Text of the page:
• We work with employee schedules for schooling, etc. — Dave Goodrich, Goodrich Optical, Lansing, MI
  • I had made it a point to hire interns who are part-time to give them exposure to the profession and patient contact. They are usually younger individuals who are still in school and deciding on their future. — Pauline Buck, OD, Behavioral and Developmental Optometrists, Miami, FL
  • Less business cost. — Jeff Hayden, Vision Care Center, Brighton, MI
  • I am looking to hire a part-timer especially for front office functions. The way we alternate our doctor days, it would be a great benefit to have someone to work our busier office on non-doctor days to do administrative work. — William Chancellor, Eye Can See Eyewear, McDonough, GA
  • Year-round. We are close to a major university and used to hire students seasonally, but there is too much training involved to take someone on part-time and seasonally. Many of my employees are not interested in working full-time. — Sarah Jerome, OD, Look+See Eye Care, Minneapolis, MN
  • I only have one employee and she comes in when I need her and goes when we’re done. We have a great working relationship. She’s retired so she’s very flexible. She’s here to help make the business successful and with the extra money goes on vacations. — Jennifer Leuzzi, Mill Creek Optical, Dansville, NY
  • We have several part time employees that are great! They work year-round and help fill in the gaps each week and are a great benefit when full time staff members take time off. — Ken Boltz, Kenneth D Boltz OD, Dublin, OH

No: 46%

  • Quite frankly, I never thought about it but this is making me think twice. — Monika Marczak, OD, Eye Candy Optical Center, McMurray, PA
  • I have a small practice and everyone needs to be cross trained. I believe it is inefficient to properly train someone who will only be there part time. Well trained full time staff can handle even the busiest times. — Karen Santos McCloud, OD, Hamburg Vision Center, Lexington, KY
  • It takes too much time to train them for it to be worthwhile. — Chani Miller, OD, Highland Park, NJ
  • With so many considerations in glasses, we feel a full-time employee is able to have up-to-date ideas to present to the customer. — Mickey Bradley, Patrick Optical, Fort Worth, TX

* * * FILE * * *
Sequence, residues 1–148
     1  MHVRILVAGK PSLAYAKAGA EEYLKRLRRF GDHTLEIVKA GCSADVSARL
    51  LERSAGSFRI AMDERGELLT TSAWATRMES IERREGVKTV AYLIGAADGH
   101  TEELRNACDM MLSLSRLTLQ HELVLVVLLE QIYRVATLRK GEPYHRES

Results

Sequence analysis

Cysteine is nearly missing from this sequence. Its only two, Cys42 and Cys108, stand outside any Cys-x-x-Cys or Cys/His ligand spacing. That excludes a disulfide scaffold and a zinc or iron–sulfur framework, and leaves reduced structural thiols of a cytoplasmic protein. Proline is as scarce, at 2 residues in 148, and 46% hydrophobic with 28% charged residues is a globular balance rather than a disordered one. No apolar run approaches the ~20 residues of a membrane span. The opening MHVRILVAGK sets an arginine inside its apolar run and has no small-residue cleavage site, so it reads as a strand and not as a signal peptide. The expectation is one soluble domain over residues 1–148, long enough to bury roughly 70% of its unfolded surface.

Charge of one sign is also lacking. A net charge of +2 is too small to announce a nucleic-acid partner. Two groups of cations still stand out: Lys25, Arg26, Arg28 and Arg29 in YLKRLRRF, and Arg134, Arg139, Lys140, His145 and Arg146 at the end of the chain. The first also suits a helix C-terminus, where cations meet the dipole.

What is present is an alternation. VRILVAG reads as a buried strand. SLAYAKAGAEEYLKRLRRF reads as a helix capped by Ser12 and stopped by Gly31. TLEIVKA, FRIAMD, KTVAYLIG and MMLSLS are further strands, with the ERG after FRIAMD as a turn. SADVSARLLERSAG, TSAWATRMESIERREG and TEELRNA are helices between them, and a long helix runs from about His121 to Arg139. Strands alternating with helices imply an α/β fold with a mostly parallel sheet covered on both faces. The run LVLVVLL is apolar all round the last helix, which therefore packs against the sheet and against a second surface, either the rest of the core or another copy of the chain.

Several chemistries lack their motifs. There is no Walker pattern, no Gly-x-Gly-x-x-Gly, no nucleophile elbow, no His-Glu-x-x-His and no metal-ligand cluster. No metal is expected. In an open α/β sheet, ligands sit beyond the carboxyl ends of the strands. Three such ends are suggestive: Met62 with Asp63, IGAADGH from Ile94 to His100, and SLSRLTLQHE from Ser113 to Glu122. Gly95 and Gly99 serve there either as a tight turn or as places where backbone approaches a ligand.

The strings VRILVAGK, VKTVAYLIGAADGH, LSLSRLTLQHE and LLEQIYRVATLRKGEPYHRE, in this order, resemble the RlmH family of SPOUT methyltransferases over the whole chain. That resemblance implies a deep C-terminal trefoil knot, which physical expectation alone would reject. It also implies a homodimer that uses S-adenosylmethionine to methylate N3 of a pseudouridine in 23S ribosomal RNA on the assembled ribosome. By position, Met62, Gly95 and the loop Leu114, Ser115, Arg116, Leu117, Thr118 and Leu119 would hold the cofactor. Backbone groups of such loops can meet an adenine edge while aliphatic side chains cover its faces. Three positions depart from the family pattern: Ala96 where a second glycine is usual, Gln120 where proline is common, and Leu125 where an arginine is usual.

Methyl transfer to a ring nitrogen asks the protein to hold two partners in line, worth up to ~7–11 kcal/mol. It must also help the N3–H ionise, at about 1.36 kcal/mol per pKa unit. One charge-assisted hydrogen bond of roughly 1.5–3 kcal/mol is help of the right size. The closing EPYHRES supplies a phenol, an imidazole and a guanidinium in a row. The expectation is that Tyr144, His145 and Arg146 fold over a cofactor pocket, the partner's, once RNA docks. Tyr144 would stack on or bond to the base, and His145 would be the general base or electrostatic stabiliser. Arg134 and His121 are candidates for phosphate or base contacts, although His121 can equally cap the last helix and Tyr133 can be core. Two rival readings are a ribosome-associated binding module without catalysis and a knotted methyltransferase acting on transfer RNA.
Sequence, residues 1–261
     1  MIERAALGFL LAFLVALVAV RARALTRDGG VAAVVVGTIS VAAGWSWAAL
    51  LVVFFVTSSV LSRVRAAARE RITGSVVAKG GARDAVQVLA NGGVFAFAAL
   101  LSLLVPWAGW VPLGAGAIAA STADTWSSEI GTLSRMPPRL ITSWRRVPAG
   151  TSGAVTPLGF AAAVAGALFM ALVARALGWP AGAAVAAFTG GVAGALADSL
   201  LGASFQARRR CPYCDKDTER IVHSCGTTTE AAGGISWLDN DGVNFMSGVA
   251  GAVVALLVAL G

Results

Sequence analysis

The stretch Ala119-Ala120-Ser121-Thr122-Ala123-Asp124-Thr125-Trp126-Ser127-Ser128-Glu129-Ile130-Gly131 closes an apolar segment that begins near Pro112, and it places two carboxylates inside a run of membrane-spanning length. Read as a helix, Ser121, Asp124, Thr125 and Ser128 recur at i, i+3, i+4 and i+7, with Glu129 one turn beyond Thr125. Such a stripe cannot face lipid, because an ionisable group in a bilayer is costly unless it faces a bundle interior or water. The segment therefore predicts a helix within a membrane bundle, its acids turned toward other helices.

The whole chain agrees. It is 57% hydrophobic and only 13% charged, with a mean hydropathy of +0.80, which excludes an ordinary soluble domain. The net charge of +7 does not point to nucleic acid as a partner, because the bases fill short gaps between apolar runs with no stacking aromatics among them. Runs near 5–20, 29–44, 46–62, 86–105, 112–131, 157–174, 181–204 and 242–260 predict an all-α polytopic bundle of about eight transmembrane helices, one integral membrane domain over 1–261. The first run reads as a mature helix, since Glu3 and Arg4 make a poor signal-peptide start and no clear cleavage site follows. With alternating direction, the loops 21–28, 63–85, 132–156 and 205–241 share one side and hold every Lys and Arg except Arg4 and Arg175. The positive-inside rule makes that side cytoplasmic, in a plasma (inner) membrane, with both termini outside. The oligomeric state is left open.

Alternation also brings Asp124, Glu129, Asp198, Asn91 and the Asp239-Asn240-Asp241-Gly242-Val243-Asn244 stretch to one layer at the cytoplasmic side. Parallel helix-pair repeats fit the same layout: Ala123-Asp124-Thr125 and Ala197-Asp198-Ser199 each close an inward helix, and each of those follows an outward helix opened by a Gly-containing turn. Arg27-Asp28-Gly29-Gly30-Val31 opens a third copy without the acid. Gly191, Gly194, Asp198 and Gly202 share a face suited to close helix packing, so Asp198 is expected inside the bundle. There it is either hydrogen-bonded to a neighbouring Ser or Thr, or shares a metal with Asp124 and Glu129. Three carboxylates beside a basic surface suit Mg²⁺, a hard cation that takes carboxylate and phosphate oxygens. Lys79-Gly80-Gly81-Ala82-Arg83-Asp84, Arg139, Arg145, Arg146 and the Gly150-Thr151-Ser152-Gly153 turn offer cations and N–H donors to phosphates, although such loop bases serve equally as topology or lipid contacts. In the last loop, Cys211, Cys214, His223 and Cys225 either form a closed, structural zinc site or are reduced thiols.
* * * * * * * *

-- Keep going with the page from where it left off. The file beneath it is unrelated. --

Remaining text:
• It’s difficult to get the same level of commitment out of a part time employee. — Steve Nelson, Eye Candy Optical, Westlake and Beachwood, OH
  • Because we are not a part-time practice. — Penn Moody, OD, Moody Eyes, Indianapolis, IN
  • Better luck with full time. — Robert McBeath, Edina Eye Physicians and Surgeons, Edina MN
  • We have a very dependable team and they are all full-time employees. We do have one employee that is a student at the local University that works part time during the school year. — Susan Frein, Ames Eye Care, Ankeny, IA
  • We expect our team members to have the answers for our patients which a part-time employee typically cannot provide in our ever-evolving world. — Michael Dunn, Henry Ford Optimeyes, Troy, MI
  • Up to four locations and we’ve had turn over, we need full-time with experience. — Steve Boydte, Performance EyeCare, Swansea, IL
  • Occasionally, usually at the employee request. We like to offer at least 30 hours so they qualify for benefits.  — Erin Pillsbury, Shasta Eye Medical Group, Redding, CA
  • Having been a part-time employee in the past, I know that it’s difficult to juggle multiple schedules (which is usually the reason someone accepts a part-time job: other commitments); it’s more difficult to keep employees fully trained and fully aware of what’s going on in the office; and motivated. — Jen Heller, Pend Oreille Vision Care, Sandpoint, ID
  • It takes a while to train someone to do things the way you want them done. A part time associate is not as invested. — Michelle Wright, DePoe Eye Center, Sharpsburg, GA
  • There isn’t enough payoff for the time and effort it takes to train part-time staff in our office. — Katie Root, Latham Family Vision, Latham, NY
  • Our staff is just right! — Kimberly Scully, Lodestar Family Eye Care, Palmer, AK
  • We are only open 35 hours/week and want folks that are able to make it a priority to be here. That being said, if you have been with us a while, missing an hour here and there for a class is always accommodated. — Katie McElvaine, OD, Springfield Family Vision, Springfield, MO
  • We have 4 full-timers and there isn’t a need for part-timers. However, three of the current full-timers were part-timers at one point. It’s primarily based on need. — Christine Howard, Attleboro Vision Care, Attleboro, MA